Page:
Planned Parenthood disavows founder but continues flawed practices
Published 7:00 am Saturday, April 24, 2021
After decades of denial, America’s largest abortion provider, Planned Parenthood, is admitting that its founder, Margaret Sanger, was a white supremacist and eugenics advocate.
Eugenics is a theory that states the human race can be improved through selective breeding of those with desirable traits and preventing the breeding of, or killing off those with undesirable traits.
In a New York Times opinion piece, the head of Planned Parenthood admits:
- Sanger spoke to the women’s auxiliary of the Ku Klux Klan at a rally in New Jersey to generate support for birth control.
- She endorsed the Supreme Court’s 1927 decision in Buck v. Bell, which allowed states to sterilize people deemed ‘unfit’ without their consent and sometimes without their knowledge — a ruling that led to the sterilization of tens of thousands of people in the 20th century.
- The first human trials of the birth control pill — a project that was Sanger’s passion later in her life — were conducted with her backing in Puerto Rico, whereas many as 1,500 women were not told that the drug was experimental or that they might experience dangerous side effects.
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Planned Parenthood has a long way to go in distancing themselves from the harm they’ve caused “to generations of people with disabilities and Black, Latino, Asian-American, and Indigenous people.”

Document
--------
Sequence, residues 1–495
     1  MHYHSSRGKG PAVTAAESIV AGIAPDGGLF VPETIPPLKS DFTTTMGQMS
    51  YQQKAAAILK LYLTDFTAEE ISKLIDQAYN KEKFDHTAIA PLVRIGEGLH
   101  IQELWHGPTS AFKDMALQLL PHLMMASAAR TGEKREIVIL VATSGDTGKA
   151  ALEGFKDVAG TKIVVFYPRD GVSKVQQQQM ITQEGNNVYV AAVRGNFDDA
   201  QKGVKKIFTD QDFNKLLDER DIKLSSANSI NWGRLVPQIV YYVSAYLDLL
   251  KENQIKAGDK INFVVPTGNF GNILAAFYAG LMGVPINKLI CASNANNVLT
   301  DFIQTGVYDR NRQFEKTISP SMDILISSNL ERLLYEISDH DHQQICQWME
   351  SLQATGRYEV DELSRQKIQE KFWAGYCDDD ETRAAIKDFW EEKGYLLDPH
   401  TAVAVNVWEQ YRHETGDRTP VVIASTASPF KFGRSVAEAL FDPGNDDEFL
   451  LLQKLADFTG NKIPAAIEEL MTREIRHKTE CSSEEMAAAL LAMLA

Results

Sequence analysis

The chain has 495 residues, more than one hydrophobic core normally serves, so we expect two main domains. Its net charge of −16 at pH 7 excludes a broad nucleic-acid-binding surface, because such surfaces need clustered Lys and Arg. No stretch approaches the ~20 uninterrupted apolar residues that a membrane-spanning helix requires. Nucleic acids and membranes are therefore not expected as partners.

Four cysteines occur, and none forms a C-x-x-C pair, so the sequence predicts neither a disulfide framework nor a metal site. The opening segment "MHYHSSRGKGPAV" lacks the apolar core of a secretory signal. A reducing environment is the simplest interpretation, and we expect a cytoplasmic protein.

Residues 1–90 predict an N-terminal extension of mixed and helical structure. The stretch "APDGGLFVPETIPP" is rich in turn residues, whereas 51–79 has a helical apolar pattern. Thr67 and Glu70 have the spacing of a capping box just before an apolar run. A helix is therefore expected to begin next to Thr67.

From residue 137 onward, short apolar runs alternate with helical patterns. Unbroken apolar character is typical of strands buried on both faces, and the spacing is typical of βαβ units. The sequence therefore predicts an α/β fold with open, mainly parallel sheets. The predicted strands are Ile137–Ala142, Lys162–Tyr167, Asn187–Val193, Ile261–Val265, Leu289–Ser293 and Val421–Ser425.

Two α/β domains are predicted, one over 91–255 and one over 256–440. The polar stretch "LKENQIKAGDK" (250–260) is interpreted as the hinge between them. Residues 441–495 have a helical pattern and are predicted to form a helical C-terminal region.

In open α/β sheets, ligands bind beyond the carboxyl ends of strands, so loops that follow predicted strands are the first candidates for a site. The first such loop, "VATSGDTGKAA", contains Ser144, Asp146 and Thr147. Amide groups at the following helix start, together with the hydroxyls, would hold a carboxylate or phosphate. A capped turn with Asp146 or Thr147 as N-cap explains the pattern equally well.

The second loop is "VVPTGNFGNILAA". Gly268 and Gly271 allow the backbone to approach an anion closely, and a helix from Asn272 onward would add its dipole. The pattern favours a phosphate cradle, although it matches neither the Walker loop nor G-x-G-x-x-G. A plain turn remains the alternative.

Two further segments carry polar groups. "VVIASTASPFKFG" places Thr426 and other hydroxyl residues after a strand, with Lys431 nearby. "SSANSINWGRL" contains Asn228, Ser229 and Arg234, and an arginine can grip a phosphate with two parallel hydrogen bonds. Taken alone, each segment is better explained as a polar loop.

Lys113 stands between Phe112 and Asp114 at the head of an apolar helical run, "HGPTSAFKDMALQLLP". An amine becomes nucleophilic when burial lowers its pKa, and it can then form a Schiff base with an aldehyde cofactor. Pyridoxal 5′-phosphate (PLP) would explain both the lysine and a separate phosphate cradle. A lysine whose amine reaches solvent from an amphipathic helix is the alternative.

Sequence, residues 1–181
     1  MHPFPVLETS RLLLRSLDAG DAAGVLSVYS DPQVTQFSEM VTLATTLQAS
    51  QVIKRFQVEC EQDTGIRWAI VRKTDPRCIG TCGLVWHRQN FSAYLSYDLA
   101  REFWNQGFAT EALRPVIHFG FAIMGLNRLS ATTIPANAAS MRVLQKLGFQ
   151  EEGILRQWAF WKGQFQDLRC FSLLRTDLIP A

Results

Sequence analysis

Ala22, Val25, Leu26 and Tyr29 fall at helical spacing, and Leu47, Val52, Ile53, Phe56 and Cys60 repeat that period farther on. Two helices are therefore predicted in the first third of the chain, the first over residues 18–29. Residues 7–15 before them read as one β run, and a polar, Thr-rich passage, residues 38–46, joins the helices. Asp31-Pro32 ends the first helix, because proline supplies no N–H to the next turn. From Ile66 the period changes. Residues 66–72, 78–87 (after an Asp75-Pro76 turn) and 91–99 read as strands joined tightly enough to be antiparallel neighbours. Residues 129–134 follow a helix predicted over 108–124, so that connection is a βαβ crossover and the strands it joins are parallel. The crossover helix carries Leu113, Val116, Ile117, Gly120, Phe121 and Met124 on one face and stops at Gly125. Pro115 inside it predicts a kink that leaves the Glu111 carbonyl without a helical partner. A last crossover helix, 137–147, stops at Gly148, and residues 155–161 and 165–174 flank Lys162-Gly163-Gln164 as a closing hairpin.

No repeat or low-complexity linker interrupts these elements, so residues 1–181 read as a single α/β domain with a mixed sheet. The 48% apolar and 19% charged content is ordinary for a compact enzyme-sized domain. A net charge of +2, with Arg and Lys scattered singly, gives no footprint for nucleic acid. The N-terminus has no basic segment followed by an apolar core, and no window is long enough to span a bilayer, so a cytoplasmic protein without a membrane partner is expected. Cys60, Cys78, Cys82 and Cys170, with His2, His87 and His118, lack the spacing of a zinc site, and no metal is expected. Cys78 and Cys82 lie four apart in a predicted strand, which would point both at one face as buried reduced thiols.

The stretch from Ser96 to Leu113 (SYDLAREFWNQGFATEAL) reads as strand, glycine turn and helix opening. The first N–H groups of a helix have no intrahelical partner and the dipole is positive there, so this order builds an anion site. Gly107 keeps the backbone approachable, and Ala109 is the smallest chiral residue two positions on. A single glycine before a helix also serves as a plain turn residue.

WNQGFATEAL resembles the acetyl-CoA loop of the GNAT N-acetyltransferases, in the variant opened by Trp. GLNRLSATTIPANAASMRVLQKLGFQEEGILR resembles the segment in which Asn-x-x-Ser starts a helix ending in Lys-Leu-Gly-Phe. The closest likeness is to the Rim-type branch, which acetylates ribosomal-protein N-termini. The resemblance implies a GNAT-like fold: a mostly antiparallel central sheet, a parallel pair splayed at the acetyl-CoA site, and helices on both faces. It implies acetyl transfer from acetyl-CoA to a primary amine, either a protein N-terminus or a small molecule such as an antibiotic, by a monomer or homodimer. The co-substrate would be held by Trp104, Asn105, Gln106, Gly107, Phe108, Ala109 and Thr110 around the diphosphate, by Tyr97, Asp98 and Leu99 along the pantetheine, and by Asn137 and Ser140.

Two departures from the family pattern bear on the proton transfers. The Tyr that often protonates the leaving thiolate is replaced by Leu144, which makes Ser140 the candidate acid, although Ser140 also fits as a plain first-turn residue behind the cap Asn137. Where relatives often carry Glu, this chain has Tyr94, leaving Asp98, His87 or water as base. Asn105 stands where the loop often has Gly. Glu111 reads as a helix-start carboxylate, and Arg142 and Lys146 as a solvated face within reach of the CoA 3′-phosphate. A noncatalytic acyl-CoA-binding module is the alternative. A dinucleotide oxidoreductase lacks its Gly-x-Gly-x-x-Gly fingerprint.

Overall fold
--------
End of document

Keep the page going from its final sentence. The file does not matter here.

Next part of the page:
At present, Black babies account for nearly 36% of all abortions in the United States despite the reality that the Black population is only 13% of the U.S. population.
On top of those troubling numbers, consider that Planned Parenthood is fighting against anti-eugenic laws in multiple states and that internal racism towards Black employees, which has gone unpunished and was recently exposed in the media.
If Planned Parenthood truly wants to change course and put a stop to its institutional dehumanization of those with undesirable traits, they should start by immediately dropping legal challenges to state laws, like Kentucky’s, which prohibit the use of abortion to target an unborn child on the basis of the child’s sex, race, color, national origin, or disability.
Decrying your founder’s white supremacy and advocacy of eugenics, while continuing to disproportionately eliminate the Black population through abortion and advocating in court for the right to an abortion on the basis of the child’s undesirable qualities is the height of hypocrisy.
Kent Ostrander is the executive director of The Family Foundation of Kentucky.